Blaine gets grant money for Hughes Avenue improvements

By Steve Guntli

Blaine is set to receive an influx of cash from the Washington Transportation Improvement Board (TIB).

On November 21, the board announced the recipients of more than $95 million in grants throughout the state. Of that, $3.1 million will go to Whatcom County.

Blaine will receive $750,000 to go towards an intersection reconstruction project at Hughes Avenue. The restHughes_SG-1 of the money for the project, estimated to cost around $1.4 million, will come from federal grants.

Bill Bullock, Blaine’s assistant director of public works, was thrilled to hear that the city had gotten the grant.

“We were all pretty excited when we heard,” he said. “We applied for a number of federal and TIB grants so we could get this project done, and now we can finally do it.”

The project will widen Hughes Avenue and realign the intersection with Peace Portal Drive. Hughes and Peace Portal intersect at a 45-degree angle, which can be a difficult turn for northbound cargo trucks. The new project will move the intersection farther north and give the turn a 75-degree turning radius. The street will also be widened from 20 feet to 30 feet, with 5 feet of paved shoulder on either side.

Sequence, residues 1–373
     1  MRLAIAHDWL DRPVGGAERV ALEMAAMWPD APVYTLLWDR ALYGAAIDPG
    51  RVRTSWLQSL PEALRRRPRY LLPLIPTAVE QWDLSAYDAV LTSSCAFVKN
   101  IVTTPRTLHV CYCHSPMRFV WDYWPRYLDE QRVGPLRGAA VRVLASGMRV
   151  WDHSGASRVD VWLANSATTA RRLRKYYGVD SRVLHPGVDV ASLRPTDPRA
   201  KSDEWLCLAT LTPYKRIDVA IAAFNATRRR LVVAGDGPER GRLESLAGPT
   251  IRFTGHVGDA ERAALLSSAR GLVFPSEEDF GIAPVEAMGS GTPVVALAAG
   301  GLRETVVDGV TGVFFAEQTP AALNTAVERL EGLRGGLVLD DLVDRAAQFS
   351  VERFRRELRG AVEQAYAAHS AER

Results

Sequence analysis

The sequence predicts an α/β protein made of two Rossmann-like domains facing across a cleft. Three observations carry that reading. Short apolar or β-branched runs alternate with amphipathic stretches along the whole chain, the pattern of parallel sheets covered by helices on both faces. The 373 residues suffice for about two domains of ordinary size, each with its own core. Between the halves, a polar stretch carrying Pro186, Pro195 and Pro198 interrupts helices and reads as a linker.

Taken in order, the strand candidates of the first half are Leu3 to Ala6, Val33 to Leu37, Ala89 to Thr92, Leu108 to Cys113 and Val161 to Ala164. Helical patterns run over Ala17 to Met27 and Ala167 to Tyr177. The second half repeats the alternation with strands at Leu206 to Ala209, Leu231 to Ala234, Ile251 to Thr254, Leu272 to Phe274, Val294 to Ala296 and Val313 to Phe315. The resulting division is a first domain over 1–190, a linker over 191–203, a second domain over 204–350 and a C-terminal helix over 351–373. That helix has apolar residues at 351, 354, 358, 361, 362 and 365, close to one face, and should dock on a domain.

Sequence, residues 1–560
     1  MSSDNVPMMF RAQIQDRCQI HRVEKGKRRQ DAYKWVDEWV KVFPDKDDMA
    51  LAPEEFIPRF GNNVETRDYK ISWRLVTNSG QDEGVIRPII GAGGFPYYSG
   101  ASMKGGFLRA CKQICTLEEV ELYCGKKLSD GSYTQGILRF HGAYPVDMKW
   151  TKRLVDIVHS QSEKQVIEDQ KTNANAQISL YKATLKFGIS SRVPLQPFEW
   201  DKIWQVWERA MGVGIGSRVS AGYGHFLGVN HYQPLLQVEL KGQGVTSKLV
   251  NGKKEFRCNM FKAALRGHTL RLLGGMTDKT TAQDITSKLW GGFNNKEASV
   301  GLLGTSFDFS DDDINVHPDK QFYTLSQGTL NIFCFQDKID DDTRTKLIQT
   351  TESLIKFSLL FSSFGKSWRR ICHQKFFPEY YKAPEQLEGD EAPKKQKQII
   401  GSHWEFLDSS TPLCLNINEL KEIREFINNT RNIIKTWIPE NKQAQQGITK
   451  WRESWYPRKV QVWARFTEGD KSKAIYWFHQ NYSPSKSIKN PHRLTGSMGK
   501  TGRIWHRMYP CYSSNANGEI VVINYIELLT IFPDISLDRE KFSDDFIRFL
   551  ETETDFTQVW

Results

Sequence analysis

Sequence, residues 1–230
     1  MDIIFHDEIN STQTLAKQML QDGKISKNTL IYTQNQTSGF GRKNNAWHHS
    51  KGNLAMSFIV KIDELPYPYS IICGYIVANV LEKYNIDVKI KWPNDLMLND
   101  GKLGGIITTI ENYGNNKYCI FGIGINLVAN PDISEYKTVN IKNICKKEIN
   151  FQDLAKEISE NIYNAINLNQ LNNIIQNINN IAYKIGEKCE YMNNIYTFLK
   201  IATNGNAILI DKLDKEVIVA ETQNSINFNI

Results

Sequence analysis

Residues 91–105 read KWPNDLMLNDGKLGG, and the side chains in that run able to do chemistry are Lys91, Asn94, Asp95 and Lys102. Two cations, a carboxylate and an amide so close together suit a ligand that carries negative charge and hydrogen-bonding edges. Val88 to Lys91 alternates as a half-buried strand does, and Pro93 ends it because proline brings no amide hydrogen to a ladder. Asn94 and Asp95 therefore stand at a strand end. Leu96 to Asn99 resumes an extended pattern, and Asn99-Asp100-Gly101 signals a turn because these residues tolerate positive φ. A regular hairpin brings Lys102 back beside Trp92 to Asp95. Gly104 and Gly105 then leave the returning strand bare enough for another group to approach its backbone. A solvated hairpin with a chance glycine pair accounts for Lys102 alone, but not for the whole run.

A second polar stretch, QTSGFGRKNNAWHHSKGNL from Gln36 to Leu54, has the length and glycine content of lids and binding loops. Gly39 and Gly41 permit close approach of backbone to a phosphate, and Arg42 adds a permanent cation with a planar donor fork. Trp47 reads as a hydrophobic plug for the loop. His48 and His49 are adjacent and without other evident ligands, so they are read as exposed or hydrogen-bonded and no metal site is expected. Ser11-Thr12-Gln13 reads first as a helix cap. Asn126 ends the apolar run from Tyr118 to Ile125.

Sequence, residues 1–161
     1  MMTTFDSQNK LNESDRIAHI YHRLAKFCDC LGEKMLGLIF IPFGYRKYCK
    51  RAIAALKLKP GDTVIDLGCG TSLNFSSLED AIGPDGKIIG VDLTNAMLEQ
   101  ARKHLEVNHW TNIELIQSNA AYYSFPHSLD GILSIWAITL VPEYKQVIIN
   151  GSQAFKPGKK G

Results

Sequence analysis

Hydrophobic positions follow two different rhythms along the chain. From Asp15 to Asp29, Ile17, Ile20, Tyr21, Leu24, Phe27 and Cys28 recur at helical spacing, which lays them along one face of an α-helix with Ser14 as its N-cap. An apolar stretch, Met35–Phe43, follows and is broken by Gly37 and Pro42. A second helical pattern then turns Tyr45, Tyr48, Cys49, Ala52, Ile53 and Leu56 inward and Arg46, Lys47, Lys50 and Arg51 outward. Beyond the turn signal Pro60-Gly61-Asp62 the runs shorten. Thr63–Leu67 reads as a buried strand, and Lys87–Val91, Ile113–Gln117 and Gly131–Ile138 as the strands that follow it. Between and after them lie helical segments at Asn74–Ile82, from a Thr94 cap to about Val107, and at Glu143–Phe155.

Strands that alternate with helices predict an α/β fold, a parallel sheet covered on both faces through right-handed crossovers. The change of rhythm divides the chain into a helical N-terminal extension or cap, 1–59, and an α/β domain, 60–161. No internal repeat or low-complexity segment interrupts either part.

The city will install 2200 feet of new sidewalk from the Interstate 5 exit to Peace Portal Drive. They will also add some bus stops, which would allow WTA buses to provide transit for the neighborhood.

Bullock estimates that the project will go into the design phase next summer. Once construction begins, the improvements will take approximately four months to complete. Bullock anticipates the project will be complete by June 2017.

The remaining grant money from the TIB will go towards improvements in Bellingham, Everson and Ferndale. Bellingham will receive the largest grant, $1.4 million to complete the roundabout at James Street and Bakerview Road.

Blaine and several other small cities have recently been aggressive about applying for TIB grants. Before 2011, Blaine had only submitted four applications, but have since submitted 16. Other small cities, like Sumas and Everson, have followed a similar pattern. Whatcom County has received larger grants as a result, going from only 1.6 percent of total statewide grants before 2011 to 2.6 percent after.

For more information, visit the TIB’s website at

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